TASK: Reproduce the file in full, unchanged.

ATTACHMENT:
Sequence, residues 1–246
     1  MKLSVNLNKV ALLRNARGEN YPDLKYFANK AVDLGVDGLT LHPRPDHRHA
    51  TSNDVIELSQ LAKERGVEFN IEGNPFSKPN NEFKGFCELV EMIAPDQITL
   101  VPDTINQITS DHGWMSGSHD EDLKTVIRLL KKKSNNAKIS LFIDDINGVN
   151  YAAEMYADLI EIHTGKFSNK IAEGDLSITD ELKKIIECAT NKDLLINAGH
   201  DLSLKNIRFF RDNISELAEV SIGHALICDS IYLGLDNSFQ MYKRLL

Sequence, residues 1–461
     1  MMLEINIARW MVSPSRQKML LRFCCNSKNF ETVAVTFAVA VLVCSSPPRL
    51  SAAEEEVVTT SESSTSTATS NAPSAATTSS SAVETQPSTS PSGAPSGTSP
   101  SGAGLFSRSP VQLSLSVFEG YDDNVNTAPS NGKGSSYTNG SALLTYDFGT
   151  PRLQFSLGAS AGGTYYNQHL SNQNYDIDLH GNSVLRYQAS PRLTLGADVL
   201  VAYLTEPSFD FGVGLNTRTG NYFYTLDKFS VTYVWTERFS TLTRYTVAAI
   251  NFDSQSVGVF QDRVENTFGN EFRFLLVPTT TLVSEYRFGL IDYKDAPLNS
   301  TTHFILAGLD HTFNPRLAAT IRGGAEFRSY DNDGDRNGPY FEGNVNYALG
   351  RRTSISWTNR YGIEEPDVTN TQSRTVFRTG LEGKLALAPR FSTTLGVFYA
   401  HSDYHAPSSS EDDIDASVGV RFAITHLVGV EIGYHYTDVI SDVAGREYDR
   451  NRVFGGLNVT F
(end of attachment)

Sequence, residues 1–246
     1  MKLSVNLNKV ALLRNARGEN YPDLKYFANK AVDLGVDGLT LHPRPDHRHA
    51  TSNDVIELSQ LAKERGVEFN IEGNPFSKPN NEFKGFCELV EMIAPDQITL
   101  VPDTINQITS DHGWMSGSHD EDLKTVIRLL KKKSNNAKIS LFIDDINGVN
   151  YAAEMYADLI EIHTGKFSNK IAEGDLSITD ELKKIIECAT NKDLLINAGH
   201  DLSLKNIRFF RDNISELAEV SIGHALICDS IYLGLDNSFQ MYKRLL

Sequence, residues 1–461
     1  MMLEINIARW MVSPSRQKML LRFCCNSKNF ETVAVTFAVA VLVCSSPPRL
    51  SAAEEEVVTT SESSTSTATS NAPSAATTSS SAVETQPSTS PSGAPSGTSP
   101  SGAGLFSRSP VQLSLSVFEG YDDNVNTAPS NGKGSSYTNG SALLTYDFGT
   151  PRLQFSLGAS AGGTYYNQHL SNQNYDIDLH GNSVLRYQAS PRLTLGADVL
   201  VAYLTEPSFD FGVGLNTRTG NYFYTLDKFS VTYVWTERFS TLTRYTVAAI
   251  NFDSQSVGVF QDRVENTFGN EFRFLLVPTT TLVSEYRFGL IDYKDAPLNS
   301  TTHFILAGLD HTFNPRLAAT IRGGAEFRSY DNDGDRNGPY FEGNVNYALG
   351  RRTSISWTNR YGIEEPDVTN TQSRTVFRTG LEGKLALAPR FSTTLGVFYA
   401  HSDYHAPSSS EDDIDASVGV RFAITHLVGV EIGYHYTDVI SDVAGREYDR
   451  NRVFGGLNVT F